Bovine babesiosis diagnosed in formalin-fixed, paraffin-embedded tissues by using in situ hybridization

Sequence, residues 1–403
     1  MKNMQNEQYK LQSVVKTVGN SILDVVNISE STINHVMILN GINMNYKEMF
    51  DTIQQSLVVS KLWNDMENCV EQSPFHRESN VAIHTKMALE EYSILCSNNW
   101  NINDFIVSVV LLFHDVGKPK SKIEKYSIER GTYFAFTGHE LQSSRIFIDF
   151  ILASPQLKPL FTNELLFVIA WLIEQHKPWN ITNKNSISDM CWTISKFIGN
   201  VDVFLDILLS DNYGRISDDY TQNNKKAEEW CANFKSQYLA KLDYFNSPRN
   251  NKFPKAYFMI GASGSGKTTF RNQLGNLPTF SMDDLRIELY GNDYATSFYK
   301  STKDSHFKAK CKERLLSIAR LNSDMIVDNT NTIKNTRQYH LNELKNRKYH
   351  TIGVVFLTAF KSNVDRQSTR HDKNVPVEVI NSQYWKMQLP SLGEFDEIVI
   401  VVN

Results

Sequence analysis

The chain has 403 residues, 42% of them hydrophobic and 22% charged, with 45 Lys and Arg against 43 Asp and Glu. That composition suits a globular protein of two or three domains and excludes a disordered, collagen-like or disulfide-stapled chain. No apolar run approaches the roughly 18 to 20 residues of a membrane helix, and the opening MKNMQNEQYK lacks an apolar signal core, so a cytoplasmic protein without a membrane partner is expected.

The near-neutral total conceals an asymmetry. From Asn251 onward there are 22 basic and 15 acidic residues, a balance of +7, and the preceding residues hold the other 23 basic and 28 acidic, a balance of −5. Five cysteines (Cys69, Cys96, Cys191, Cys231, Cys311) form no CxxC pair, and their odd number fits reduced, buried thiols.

Bovine babesiosis, caused by <i>Babesia divergens</i>, is in general a rare disease in Europe. Nonetheless, local outbreaks can cause severe economic damage, and postmortem identification represents a diagnostic challenge. During a recent outbreak in May 2018 in northern Germany, 21 animals of a herd of 150 cattle died within 40 days having had clinical signs of fever and hemoglobinuria. Gross examination of 4 of the 21 deceased animals revealed a tick infestation, jaundice, and dark brown staining of urine and kidneys. Histologically, there were iron-positive deposits, hyperplasia of the red pulp of the spleen, and centrilobular necrosis of hepatocytes. In several locations, small basophilic granules suggestive of intraerythrocytic parasites were visible in hematoxylin-eosin- and Giemsa-stained sections. Peripheral blood smears from a living cow from the herd and polymerase chain reaction (PCR) of feeding ticks revealed <i>B. divergens</i> infection. In situ hybridization (ISH) was applied on formalin-fixed, paraffin-embedded (FFPE) tissue of the necropsied cattle to confirm babesiosis in these animals postmortem. Digoxigenin-labeled DNA probes were generated based on a specific nucleotide sequence for <i>B. divergens</i>, obtained by PCR and sequencing of DNA isolates from infected <i>Ixodes ricinus</i> ticks from deceased cattle. ISH using these probes allowed postmortem diagnosis of <i>B. divergens</i> infection in routinely fixed FFPE tissues.